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Topic: Probably simple question about formamide  (Read 578 times)

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Offline bigheadface

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Probably simple question about formamide
« on: September 05, 2021, 10:28:55 PM »
I've just started organic at my university and we're in review from gen chem. The book lists formamide as an example of electrons being delocalized by resonance.
My question is, why is formamide resonant at all? It seems to me that one of the possible structures is completely stable - all atoms have proper valence and all have an octet. So why is it resonant with an unstable version of the molecule?

Offline rolnor

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Re: Probably simple question about formamide
« Reply #1 on: September 06, 2021, 03:13:47 AM »
This question can be applied to many molecules and is very basic, here is some reading:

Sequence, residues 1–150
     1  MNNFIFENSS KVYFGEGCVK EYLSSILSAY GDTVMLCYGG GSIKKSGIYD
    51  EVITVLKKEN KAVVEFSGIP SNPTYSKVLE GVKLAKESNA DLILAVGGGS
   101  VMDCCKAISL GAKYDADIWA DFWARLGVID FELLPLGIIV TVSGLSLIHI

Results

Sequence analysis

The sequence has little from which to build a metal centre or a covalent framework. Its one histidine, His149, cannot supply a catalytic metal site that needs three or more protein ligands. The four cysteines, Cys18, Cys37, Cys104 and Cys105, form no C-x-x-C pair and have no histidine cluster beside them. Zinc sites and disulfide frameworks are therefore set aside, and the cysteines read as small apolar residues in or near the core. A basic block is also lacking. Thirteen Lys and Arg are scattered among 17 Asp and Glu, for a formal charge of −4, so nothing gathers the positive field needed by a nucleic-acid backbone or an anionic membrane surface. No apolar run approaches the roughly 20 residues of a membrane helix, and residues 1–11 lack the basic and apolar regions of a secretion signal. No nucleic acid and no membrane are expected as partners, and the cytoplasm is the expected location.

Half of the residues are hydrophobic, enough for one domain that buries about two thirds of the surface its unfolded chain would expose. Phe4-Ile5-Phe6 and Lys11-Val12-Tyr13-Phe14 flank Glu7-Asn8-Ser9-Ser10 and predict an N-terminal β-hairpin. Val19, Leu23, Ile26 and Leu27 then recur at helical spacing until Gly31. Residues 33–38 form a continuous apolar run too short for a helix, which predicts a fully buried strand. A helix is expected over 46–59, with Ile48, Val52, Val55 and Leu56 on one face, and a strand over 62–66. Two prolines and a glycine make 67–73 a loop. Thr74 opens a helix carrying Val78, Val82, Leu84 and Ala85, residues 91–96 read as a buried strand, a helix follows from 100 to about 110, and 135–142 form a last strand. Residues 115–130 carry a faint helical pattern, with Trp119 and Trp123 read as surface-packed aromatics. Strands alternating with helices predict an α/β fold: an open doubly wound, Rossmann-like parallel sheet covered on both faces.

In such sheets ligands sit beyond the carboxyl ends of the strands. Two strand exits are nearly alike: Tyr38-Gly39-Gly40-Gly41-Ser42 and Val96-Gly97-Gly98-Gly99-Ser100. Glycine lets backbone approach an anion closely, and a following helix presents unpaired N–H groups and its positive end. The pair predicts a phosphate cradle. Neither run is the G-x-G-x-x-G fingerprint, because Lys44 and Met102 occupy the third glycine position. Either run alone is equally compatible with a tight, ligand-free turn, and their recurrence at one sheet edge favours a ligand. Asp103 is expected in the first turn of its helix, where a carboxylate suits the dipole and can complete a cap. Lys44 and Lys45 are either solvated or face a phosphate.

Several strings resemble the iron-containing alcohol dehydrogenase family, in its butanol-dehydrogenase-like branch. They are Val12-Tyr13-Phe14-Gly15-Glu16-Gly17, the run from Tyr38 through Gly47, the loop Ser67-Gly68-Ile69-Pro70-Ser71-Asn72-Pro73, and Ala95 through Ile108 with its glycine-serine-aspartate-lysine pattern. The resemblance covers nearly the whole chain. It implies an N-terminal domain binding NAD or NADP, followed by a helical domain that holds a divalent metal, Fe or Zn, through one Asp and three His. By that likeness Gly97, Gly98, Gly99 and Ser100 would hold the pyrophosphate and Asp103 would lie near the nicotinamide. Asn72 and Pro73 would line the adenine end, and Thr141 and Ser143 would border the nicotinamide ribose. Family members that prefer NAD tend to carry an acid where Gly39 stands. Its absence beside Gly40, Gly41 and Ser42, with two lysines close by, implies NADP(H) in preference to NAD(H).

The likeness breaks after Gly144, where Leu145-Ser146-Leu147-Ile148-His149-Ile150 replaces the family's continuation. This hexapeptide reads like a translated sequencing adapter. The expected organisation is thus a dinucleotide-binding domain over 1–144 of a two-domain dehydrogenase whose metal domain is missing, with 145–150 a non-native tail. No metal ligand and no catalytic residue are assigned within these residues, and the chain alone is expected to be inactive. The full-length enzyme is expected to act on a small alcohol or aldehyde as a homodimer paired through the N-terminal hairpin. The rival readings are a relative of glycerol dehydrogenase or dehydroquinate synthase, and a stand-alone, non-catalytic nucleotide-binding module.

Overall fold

https://en.m.wikipedia.org/wiki/Resonance_(chemistry)

Offline bigheadface

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Re: Probably simple question about formamide
« Reply #2 on: September 06, 2021, 08:04:52 AM »
That wiki article is a basic primer on resonance. I already understand the basics of resonance. What I don't understand is why a perfectly stable lewis structure would be resonant with an unstable lewis structure and be resonant.


Offline Babcock_Hall

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Re: Probably simple question about formamide
« Reply #3 on: September 06, 2021, 08:43:32 AM »
Do both structures that one can draw for formamide have full octets for C, O, and N?  I agree that the first time one encounters this example, it bends one of the guidelines that is taught about drawing resonance structures.  This is an important functional group in organic chemistry and biochemistry BTW.
« Last Edit: September 06, 2021, 09:00:24 AM by Babcock_Hall »